I really wish I could have been at the PGF meeting, too. I find the PGF focus on mission much more appealing than the navel-gazing of most of the other conservative Presby groups. I'll be interested to see how this group develops and hope they will be a force for good and unity in the church.

Russell Smith said...

I'm humbled and thankful for the link. Thanks for your thoughtful meditations -- and thanks for the great Iona pictures. I know coveting is a sin -- but dagummit, I'm jealous :)


Purechristianithink said...

I found the quote, "I don't get it, why do you all get together and sing", particularly sad. Not only for what it reveals about the unchurched, but about what it reveals about the atomization of the whole culture. Christianity aside, human beings have ALWAYS gotten together to sing. Always. You can hardly find a traditional culture in which collective music making was not an important element. The fact that "coming together to sing" seems odd and wierd reveals not just the Church's waning influence, but a profound shift in human consciousness, I think.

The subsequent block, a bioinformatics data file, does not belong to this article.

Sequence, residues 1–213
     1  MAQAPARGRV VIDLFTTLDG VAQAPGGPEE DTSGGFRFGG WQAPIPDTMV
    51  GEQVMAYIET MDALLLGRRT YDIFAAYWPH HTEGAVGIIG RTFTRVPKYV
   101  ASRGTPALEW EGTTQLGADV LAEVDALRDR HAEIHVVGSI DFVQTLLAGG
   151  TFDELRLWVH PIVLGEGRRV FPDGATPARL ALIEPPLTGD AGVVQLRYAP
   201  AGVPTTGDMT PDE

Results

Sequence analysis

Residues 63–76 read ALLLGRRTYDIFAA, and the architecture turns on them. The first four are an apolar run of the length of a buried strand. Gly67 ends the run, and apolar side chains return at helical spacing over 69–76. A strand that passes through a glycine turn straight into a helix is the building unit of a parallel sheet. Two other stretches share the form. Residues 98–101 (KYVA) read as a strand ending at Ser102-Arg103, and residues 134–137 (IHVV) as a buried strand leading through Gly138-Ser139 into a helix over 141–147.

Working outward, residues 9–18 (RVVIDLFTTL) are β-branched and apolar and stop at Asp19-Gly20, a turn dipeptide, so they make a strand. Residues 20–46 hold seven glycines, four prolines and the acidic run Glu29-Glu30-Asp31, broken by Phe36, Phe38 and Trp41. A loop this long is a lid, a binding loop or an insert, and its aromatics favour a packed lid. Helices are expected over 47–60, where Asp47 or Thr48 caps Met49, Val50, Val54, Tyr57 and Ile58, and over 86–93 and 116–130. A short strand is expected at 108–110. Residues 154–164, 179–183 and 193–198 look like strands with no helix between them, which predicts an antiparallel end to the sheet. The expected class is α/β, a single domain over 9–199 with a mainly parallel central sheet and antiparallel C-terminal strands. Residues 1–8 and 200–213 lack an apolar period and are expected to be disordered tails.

peripateticpolarbear said...

Good providence at COPM, and by the way, the 'average' inquirer is 42. You're in very good company.

lightyears2venus said...